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An act that everyone waited for zealously turned out to be a source of confusion to many. Only a few stayed faithful and served in truth and spirit.
The news spread across the entire village and its neighboring. Everyone was overjoyed and we all couldn't wait for the day to come. We all had different speculations and expectations. Were they going to bring the real persons or just their representatives? We were all disturbed. The presumption groups continued for the rest of the waiting days.
The chief, through the village elders, announced to the villagers of a big screen that was to be brought at the Church and would show a play about Jesus Christ of Nazareth. The elders walked from door to door, repetitively spreading the gospel of the gospel that was to come. A walk they could only do in none other than akala as the scorching sun found them meandering their ways through the village. At the end of the day, they blew their whistle at the village square which doubled as the market to stress the same message. "Do not miss" were always the final words.
Nearly every one in the village was having their supper by 4 p.m so as to get to church as early as they could and book the front seats since the show was beginning at exactly 7 p.m. Those were the instructions that had been passed on earlier. The elderly could be seen pinching stubborn and noisy children to their silence as a way of discipline. They needed no disturbance. Some of the final preparations were done in our presence. The whole congregation went into shock the moment the projector appeared on the wall. Some children ran outside to seek refuge while others flew to their parents who were also holding their chests tightly in fear. Rose Muhando's songs opened the floor immediately the view stabilized. People could be heard sympathizing with Rose Muhando for the kind of pain and anguish the husband was making her go through. Everyone booed at him when he threw her out with her children and all her belongings while threatening to kill her. Yesu Nipe Uvumilivu.
After two hours of waiting and mental preparation, the music stopped to usher in another segment. Images of people in robes began rolling on the screen accompanied by their names and aliases. Woe unto them who were illiterate and couldn't understand a thing. They either followed with the images or grasped a thing when the director on the ground paused the play to explain the happenings or to simply translate. We followed Jesus Christ's life history from day one to his miracles, the ministry then came the point that sent everyone into tears, his suffering and crucifixion.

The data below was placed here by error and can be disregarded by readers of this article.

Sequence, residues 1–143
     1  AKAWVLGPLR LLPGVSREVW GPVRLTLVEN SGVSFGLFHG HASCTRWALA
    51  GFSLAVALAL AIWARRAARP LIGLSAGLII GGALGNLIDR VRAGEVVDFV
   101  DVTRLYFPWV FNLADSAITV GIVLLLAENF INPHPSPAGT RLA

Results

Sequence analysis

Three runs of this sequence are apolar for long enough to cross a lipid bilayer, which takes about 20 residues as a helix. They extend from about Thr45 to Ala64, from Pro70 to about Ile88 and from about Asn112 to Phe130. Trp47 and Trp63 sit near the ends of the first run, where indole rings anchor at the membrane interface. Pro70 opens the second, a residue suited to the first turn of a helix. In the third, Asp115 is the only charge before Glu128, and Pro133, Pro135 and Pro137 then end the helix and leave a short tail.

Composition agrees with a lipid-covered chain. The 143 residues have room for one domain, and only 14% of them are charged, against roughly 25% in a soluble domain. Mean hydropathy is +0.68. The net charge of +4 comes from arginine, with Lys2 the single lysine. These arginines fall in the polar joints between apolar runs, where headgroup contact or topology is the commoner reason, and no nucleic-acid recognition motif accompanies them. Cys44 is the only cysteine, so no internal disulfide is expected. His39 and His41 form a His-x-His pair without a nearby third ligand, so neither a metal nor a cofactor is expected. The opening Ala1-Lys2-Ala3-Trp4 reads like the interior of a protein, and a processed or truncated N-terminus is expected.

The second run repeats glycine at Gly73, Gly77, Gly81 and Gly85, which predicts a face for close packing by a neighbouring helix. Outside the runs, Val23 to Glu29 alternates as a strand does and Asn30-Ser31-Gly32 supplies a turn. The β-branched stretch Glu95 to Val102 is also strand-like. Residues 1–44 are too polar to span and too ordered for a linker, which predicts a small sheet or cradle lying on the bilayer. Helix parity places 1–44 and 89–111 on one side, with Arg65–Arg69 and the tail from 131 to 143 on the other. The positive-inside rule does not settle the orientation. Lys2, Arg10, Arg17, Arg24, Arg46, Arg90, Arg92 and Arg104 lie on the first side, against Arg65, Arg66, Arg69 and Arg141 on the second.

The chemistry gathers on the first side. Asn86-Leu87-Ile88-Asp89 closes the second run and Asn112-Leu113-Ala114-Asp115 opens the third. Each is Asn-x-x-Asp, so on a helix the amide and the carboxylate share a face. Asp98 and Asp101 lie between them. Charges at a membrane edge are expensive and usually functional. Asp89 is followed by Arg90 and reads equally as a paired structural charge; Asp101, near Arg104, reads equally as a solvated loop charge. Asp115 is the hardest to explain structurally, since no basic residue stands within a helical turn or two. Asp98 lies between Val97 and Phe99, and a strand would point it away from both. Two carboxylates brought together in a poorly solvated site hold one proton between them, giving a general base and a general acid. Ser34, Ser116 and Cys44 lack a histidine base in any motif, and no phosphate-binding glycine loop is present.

Almost three hours of watching and lives were changed, some permanently. The drunk could now walk steadily with clear eyes and speeches. Everybody was parting ways in a Godly and saved way. "God be with you and with you too sister/brother" filled the air. The old was gone and the new had come.
Angelina went back home that night cursing the day she had let in another man into her house after her husband's death. That man had to find his way back to his wife and children. In the darkness and under the moon, he walked all the way to his home at Kanyamkago. Such an act had become a sin to Angelina the mother of Otaalo
The church was flocked the following day as it was a worship day. Almost everyone had one or two things to say including public confession of sins. Others like Perpetua (the woman who pronounced her name as P-e-r-p-e-t-u-a) we're getting saved for the thirty-seventh time in a row that year. The church was wild on that day. One person would stand to talk and out of nowhere, another person at the furthest corner would shout, "ooooh Jeoba! Forgive us for we are sinners" and another at the upper corner, "Ooooh King." The children hid their faces behind the backrests to laugh, not understanding how serious things were. The presence of the Holy Spirit existed amongst the congregation. He dwelt amongst them but for how long were they going to keep their garments clean?
Two, three, four months, and my people were still praising the Lord until one day when Kodhek came back from his chang'aa spree and spilled to the villagers that they were all lied to by the film. Sitting in the middle of the dusty road right in front of the market entrance, he mumbled that that was a play done by the whites to confuse the Africans in an urge of making them sing the same song of salvation just as the white men did. He narrated and stated that the man they had seen on the screen on that night was not Jesus son of God but just a fellow man. He laughed so hard, imitating the voices of those who had said a word or two on that night. While others believed him, some refuted the claims citing his drunkenness. Either way, they both had a point but the main thing was finding Christ in His whole Holiness.
Two months later, things were back to normal. The verbal abusers would go about their day throwing insults at one another. Sometimes the abuses were too heavy that only if they were tangible, they would need big trucks to be delivered. But words needed none of that apart from a mouth and a pair of ears. Perpetua went back to physically abusing her husband and visiting the sorcerer in search of wealth. Some men resurrected their paths to Mama Pima's place for a glass or two of her drink
Still, they were the women who were the lead singers. They were staunch Mama Kanisa and they sang Tukutendereza at the highest pitch their voices could reach, hugging fellow Christians with whispers of how God loved them.